So, you discover a low tire. How far away are you from a place that can fill it up? Can you make it without damaging the tire? How late will that make you? How long will you have to wait for road service to do it for you? Aaack, I want coffee! Ahem. 🙂
Answer: Pull this little compressor out of your trunk, clip the air fitting onto the tire valve (it holds itself in place) and plug the cord into the lighter socket. The gauge shows the pressure and in minutes you’re back on the road. Easy, just a little planning solves the problem.
We sell these for only $39.95 and have a few left. If you buy one, that will virtually ensure that you’ll never need it. 🙂 We prevent auto repair problems.
Air Bag Recall.
Like we don’t already have enough panic and worry in our lives. 🙂 The issue with the air bags in many recent recall actions has come from the effects on the air bags of extreme high heat coupled with extremely high humidity. We don’t have those conditions here in Lincoln, Nebraska.
Some car makers may not even recall cars outside of those southern areas. Here’s a link to a site that will allow you to perform a quick check to see if you might be affected:
All cars get recalled eventually. If you do get a recall notice in the mail, contact any dealer for your vehicle (it’s your choice) and ask them to check to see if there are any other outstanding recalls due on your car. That way, you can get them all done at once. Recalls are free, you shouldn’t have to pay a nickel to get this done.
How to get your vehicle well past 200,000 miles
Over-the-road trucks are expected to last a million miles. That’s right, a million. Part of the reason is that things are serviced and maintained according to a rigorous schedule. The transmission fluid isn’t changed on a whim, like when “it looks dirty”. It’s serviced based on time and miles.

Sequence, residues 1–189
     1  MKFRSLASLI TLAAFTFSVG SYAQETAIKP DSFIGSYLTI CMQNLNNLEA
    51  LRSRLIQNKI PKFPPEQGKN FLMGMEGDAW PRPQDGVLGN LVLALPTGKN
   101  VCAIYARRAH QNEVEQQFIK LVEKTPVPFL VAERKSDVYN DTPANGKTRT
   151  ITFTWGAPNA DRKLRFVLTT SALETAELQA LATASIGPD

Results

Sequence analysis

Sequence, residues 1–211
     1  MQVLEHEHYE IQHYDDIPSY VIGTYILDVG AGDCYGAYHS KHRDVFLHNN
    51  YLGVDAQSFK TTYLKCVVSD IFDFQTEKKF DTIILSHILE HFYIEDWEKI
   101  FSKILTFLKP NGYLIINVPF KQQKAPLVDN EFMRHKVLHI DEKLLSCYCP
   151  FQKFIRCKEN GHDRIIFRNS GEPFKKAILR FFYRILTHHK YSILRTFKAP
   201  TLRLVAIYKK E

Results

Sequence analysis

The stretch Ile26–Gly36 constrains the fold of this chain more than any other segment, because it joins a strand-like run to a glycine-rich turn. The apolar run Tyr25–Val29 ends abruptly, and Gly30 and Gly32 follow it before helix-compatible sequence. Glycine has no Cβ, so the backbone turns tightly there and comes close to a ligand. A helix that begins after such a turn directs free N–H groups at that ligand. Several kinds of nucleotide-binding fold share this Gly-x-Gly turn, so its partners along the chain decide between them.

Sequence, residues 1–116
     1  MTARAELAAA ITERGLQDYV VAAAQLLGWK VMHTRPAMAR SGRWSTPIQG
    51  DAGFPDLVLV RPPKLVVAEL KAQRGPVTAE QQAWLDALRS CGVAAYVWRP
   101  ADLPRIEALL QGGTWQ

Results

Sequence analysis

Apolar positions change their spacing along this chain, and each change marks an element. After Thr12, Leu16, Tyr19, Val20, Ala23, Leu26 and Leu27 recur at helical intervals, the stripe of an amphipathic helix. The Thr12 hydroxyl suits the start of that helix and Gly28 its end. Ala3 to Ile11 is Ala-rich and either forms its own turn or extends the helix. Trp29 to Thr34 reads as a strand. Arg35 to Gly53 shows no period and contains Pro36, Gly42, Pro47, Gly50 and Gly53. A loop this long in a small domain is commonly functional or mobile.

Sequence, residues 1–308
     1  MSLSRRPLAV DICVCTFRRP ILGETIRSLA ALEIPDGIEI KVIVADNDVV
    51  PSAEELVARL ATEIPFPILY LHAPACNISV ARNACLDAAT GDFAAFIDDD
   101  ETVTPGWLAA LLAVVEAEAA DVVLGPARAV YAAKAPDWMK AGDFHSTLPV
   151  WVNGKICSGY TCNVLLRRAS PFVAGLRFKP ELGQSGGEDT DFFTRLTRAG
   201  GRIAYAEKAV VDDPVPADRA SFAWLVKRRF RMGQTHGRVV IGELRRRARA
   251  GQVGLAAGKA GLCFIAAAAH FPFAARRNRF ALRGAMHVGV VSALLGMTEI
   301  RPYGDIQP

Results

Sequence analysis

That’s exactly how we service vehicles. Today’s vehicles don’t need much in the way of maintenance at all, if the factory fluids are used and maintenance is performed on a schedule.
We have computer software that tracks 16 individual maintenance items by date and miles. We send you reminder letters to let you know when things are coming up, so you’re not surprised on arrival. This gives you time to review your own situation and make the decisions that are appropriate for you at the time. We never pressure anyone.
Our mission is to help your car last and be reliable for the least possible money. We don’t offer “fluid maintenance”, just to make a buck for ourselves. We offer complete maintenance, to help your money and your car last a long time.
People who trust their cars to us have fewer breakdowns and spend less on repairs. We earn people’s business by providing value. Call us for an appointment.